Cancer is the leading cause of disease-related deaths among children 1 to 14 years of age, and leukemia is the most common malignancy in children. Every year, approximately 20% of children diagnosed with acute leukemia are diagnosed with acute myelogenous leukemia (AML). Though AML constitutes a smaller percentage of childhood leukemia than acute lymphoblastic leukemia (ALL), AML carries an inferior prognosis. In contrast to the improvements in ALL cure rates over the past 20-30 years (now ~80% overall survival), the overall survival for pediatric AML is 50-60% and the chemotherapy is intensive with frequent required hospitalization. Relapsed AML carries survival rate with chemotherapy alone of 20% to 30%. This suboptimal prognosis demonstrates the need for more research into improvement in the outcome of pediatric AML. Furthermore, current chemotherapeutics produce significant short-term and long-term toxicities. Thus, new therapies are needed to continue to improve efficacy and decrease treatment related toxicity. My lab studies Mer and Axl, receptor tyrosine kinase proteins abnormally expressed and activated in childhood acute myeloid leukemia. Mer and Axl have multiple functions pertaining to cell cycling, survival, and proliferation. In the current grant proposal, we will evaluate leukemia cell death after inhibition of Mer and/or Axl in childhood myeloid leukemia cells using novel biologic inhibitors developed in my lab. We will also provide additional evidence in cell culture for our exciting preliminary results that Mer inhibition makes leukemia cells more sensitive to standard leukemia chemotherapy drugs. Additionally, Mer and inhibition will be tested for efficacy in mouse animal models of human leukemia. These experiments will help establish the related Mer and Axl receptors as novel targets for childhood AML therapy. The proposed studies will also potentially provide pediatric oncologists with a highly effective and much less toxic alternative to the currently used chemotherapy drugs in the treatment of childhood AML.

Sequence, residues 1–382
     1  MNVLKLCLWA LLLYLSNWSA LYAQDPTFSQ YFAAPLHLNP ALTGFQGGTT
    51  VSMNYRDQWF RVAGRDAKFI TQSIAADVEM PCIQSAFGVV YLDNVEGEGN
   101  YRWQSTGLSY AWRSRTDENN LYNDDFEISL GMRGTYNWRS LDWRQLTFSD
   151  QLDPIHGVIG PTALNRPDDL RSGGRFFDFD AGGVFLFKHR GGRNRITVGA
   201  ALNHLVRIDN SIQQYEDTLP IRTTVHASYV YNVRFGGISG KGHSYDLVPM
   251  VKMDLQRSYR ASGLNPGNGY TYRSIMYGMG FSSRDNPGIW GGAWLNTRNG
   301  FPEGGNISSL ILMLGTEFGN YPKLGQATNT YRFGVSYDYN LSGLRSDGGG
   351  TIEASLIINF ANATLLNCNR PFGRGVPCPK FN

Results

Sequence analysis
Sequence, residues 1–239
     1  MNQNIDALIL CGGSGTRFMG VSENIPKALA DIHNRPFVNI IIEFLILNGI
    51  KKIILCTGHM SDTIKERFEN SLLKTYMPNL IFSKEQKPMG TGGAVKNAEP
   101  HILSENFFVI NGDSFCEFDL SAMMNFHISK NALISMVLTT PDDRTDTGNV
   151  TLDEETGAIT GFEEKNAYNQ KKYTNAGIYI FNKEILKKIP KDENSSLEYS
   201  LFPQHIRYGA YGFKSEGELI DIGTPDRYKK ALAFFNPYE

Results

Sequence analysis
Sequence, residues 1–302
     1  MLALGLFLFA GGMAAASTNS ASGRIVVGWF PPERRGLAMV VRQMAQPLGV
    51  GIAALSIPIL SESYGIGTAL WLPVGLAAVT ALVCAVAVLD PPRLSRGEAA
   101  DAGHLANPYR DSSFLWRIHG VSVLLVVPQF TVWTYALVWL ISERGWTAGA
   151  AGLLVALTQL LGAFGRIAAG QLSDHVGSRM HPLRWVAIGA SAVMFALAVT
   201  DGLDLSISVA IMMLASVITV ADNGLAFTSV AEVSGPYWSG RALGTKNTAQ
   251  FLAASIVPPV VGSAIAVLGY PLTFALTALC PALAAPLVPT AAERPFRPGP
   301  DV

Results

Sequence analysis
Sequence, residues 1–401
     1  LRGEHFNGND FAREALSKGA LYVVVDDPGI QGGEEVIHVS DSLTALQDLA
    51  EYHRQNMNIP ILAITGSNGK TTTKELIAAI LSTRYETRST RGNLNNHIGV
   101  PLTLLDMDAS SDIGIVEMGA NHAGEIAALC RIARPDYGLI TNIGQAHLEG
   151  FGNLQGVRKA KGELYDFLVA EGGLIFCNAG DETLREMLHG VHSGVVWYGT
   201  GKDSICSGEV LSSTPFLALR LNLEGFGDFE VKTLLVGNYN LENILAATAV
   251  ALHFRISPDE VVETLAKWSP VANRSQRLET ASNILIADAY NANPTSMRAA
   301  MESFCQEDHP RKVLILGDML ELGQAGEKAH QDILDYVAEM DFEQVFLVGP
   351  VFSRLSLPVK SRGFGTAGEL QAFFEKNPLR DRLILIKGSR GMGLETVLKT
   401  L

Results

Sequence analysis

Public Health Relevance

Significant advances have been made in cancer therapy for pediatric leukemia;however, future improvements will likely rely on the discovery of new agents to improve outcome and decrease the adverse side effects associated with the currently used chemotherapy drugs. My research lab has identified abnormal expression of two proteins that may contribute to the development of pediatric myeloid leukemia. We propose to test inhibitors we have developed which kill leukemia cells expressing these abnormal proteins, leading to potential new therapies for pediatric leukemia which would cause less toxicity than the currently used chemotherapy drugs.

National Institute of Health (NIH)
National Cancer Institute (NCI)
Research Project (R01)
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Developmental Therapeutics Study Section (DT)
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Arya, Suresh
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University of Colorado Denver
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